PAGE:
I have determined the Alfredo Capelli who arrived in the United States in 1903 is not mine.  I do have one other passenger list I have identified.  Alfredo Capelli made a trip to Italy in 1930.  This time he arrived home on September 10, 1930 as a United States citizen.  His passport number is listed along with the family address on Vickroy Street in Pittsburgh.

Finding Goodies In What You Have (Part 2)

I have been working on cleaning out my “to be processed” folder.  This is my bucket for images and digital documents I find online.  I recently was looking at the Naturalization paperwork for Alfredo (Fred) Capelli.  As I read through the pages, I realized I had missed information about the family by not getting the papers analyzed and filed into their correct place.  You can read about the birthplaces of Fred’s children in Part 1.

I also noticed that there was other piece of information in the Naturalization Application that was new information to me. Fred’s birthplace was flashing at me with neon red lights.

I previously had narrowed Fred’s birthplace down to Como, Italy.  Both Fred’s death certificate and WWI Draft Registration paperwork listed his birthplace as Italy.  It was Fred’s son, Bruno, who gave me the city.  It was listed on his birth certificate.  The birth certificate was filed in 1926 (Bruno was born in 1909).  Bruno obviously needed a birth certificate for a reason.  I made the deduction that he must have received the information about the birthplace from his father.

The Naturalization Application lists Fred’s birthplace as Carcente, Italy.  A quick Google search reveals that the birth certificate was not wrong.  Carcente is a small hill town located in the province of Como above Lake Como.

Google Earth view of Carcente, Italy
Google Earth view of Carcente, Italy

 

Map of Lake Como.  Carcente is marked with the red pin.
Map of Lake Como. Carcente is marked with the red pin.

I have been trying to imagine what life must have been on the side of that hill in the late 1800’s.  It is a steep hillside so there could not have been much farming.  Fred must have had very little prospects of a good life in Carcente if he felt the need to travel 4200 miles to the coal mines outside of Pittsburgh, Pennsylvania.  I am so thankful Alfredo left the beauty of Lake Como so that my family can be here now!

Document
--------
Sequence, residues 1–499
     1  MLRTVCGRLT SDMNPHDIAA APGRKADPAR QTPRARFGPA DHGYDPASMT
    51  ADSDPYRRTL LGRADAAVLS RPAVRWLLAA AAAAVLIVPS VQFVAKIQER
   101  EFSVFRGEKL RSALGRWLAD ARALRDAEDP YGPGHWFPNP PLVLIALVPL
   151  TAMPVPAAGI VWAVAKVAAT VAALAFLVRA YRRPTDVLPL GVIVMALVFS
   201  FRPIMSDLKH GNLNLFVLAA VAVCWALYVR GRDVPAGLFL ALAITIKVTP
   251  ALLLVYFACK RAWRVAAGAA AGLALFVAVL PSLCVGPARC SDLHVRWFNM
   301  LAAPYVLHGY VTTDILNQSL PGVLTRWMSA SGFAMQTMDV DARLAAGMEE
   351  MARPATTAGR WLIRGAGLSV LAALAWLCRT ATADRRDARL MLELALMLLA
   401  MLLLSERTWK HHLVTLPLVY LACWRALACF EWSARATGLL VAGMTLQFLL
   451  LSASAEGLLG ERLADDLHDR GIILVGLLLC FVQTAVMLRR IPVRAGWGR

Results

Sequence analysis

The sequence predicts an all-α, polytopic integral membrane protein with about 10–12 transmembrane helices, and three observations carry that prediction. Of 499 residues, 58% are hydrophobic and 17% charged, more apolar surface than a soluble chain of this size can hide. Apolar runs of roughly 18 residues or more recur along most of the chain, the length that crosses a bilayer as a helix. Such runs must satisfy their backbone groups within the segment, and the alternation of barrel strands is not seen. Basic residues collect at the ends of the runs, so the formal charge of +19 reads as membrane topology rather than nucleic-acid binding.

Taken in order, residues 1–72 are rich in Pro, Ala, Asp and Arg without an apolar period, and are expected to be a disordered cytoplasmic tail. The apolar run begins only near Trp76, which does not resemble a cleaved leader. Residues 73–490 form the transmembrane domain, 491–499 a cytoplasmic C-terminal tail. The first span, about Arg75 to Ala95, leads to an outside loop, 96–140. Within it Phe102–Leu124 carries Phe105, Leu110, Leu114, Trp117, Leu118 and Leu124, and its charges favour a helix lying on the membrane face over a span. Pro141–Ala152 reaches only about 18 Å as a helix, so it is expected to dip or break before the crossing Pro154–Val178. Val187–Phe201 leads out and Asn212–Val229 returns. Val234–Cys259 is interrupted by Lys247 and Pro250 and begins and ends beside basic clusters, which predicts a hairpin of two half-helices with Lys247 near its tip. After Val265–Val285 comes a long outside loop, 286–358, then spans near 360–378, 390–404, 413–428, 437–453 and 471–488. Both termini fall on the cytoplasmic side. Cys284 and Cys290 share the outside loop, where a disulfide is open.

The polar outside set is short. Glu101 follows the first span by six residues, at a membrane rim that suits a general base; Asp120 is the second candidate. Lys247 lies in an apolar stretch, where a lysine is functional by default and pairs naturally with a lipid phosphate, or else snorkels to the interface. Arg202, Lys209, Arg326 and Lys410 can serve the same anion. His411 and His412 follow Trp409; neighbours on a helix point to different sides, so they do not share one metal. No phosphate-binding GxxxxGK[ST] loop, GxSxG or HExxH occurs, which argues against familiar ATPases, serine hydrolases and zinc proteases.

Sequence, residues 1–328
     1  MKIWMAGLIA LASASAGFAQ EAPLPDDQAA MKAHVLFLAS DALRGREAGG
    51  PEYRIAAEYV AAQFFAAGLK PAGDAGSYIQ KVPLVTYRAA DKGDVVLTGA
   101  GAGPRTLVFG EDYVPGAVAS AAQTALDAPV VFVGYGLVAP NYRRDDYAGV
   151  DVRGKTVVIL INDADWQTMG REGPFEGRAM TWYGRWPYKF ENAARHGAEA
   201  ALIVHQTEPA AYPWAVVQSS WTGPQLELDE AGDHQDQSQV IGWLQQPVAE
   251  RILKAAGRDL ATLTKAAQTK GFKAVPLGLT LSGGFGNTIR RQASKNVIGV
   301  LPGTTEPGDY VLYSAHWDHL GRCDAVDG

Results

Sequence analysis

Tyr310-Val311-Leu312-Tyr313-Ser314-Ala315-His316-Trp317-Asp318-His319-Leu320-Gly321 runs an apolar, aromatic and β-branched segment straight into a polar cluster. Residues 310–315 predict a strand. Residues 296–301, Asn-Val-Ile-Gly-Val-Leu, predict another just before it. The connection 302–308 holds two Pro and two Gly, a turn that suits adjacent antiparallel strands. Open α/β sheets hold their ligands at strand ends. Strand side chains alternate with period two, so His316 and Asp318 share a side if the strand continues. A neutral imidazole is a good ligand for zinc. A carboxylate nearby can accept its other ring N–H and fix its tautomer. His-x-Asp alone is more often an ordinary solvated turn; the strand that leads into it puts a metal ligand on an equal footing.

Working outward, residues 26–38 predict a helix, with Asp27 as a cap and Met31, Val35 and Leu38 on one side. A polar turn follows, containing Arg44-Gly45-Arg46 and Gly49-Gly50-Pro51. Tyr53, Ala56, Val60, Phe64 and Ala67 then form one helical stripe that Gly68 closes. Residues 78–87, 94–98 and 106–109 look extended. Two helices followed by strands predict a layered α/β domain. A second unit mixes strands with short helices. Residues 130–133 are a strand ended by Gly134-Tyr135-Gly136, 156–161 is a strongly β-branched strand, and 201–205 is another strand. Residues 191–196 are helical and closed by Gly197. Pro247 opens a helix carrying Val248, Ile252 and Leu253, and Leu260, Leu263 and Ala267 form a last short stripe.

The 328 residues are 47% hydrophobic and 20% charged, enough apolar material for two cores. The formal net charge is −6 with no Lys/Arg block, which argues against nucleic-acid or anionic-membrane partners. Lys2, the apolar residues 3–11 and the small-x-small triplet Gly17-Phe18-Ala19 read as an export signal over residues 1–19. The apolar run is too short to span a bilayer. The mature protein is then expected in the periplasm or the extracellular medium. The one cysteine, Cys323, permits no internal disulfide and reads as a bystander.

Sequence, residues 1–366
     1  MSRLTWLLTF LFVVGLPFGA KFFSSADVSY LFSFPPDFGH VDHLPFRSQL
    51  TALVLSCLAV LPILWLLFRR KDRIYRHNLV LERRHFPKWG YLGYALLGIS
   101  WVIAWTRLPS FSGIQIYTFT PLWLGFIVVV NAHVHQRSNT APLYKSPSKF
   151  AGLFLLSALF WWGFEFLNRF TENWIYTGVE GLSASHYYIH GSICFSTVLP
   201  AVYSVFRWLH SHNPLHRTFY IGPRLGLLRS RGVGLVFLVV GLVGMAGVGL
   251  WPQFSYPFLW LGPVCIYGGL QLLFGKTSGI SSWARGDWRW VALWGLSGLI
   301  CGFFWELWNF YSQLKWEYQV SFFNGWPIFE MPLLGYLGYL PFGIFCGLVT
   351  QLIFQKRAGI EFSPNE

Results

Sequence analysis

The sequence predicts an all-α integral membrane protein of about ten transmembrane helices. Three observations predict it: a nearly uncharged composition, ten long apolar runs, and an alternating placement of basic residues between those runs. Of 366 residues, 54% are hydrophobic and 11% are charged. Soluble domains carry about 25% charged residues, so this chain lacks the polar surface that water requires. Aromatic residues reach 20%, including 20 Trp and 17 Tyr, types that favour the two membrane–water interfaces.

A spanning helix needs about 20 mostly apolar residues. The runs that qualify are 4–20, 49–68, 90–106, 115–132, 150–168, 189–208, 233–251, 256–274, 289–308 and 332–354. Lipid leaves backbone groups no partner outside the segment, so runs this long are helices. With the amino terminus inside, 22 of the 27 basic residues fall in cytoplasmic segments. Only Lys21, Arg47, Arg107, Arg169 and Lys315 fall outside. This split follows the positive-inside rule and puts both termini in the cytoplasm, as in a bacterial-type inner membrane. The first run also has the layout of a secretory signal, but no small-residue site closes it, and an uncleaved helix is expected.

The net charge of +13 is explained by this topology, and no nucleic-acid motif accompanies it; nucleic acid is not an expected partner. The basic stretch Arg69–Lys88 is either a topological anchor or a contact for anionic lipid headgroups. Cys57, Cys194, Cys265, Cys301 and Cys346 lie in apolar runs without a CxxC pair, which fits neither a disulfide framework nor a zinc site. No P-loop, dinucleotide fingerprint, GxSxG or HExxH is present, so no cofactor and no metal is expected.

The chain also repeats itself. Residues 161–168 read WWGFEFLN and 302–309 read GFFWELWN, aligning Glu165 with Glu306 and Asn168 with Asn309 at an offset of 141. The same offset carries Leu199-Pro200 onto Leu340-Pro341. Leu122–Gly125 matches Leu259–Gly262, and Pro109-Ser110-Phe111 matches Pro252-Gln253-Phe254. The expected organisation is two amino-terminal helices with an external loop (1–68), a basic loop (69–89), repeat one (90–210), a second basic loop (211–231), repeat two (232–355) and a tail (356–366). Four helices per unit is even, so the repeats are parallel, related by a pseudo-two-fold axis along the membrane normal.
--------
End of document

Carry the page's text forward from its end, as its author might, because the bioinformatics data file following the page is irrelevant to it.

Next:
View from Carcente. Photo added to Google Maps by Alelon 10 March 2010.
View from Carcente. Photo added to Google Maps by Alelon 10 March 2008.
Photo attached to Google Maps by Alelan 10 March 2008. Vistada Carcente.
Photo attached to Google Maps by Alelan 10 March 2008. Vistada Carcente.

 

Workday Wednesday – Delivering The Mail

I was blessed to receive a book about Cossano Canavese, Italy from a genealogy friend who visited Cossano last year.  My Dad’s paternal line is from this small town outside of Torino.  I have had the book for six months but really have not spent much time looking at it yet.  The reason why is the book is in Italian and I speak English.

I have focused this weekend on using free online translation services to translate sections I know apply to my family.  (Really the whole book applies since this is a very small town and everyone is most likely related at some point)

The section I concentrated on was several pages before a photo of my great-great-grandfather, Giuseppe Siletto.  The translation roughly spelled out the creation of the post office in Cossano.  Before 1856, the town was dependent on the nearby town of Caravino for its mail.  In 1858, a letter was sent to all mayors in the province letting them know that they needed to assign someone the job of postman and decide how often that person would go to Caravino to pick up the mail each day.  The new postmen would receive 50 lire a year for their work.  The Mayor of Cossano named a certain man named Siletto for the job and it started 1 January 1859.  In 1912 Cossano became its own post office and was no longer dependant on the town of Caravino.

In the page before the photo of my g-g-grandfather is a stamped certificate to record a deposit of 200 lire in September 1893 by Giuseppe Siletto to carry out the functions of postal carrier.

So it turns out that my ancestors owned and operated the post office in Cossano for a very long time.  From 1859-1893 a man by the same surname ran the post office.  My g-g-grandfather, Giuseppe Siletto, owned and operated it from 1893-1912.  His daughter, my great-grandmother Adele Siletto, was the owner from 1912 til her death in 1919.  Giuseppe’s second wife, Lucia Brunero, was the postman from 1915-1925. And Lucia’s son from her first marriage, Giovanni Antonio Brunero, was the postman from 1925-1966.

Cossano Post Stamp
Postal Stamp from 1912.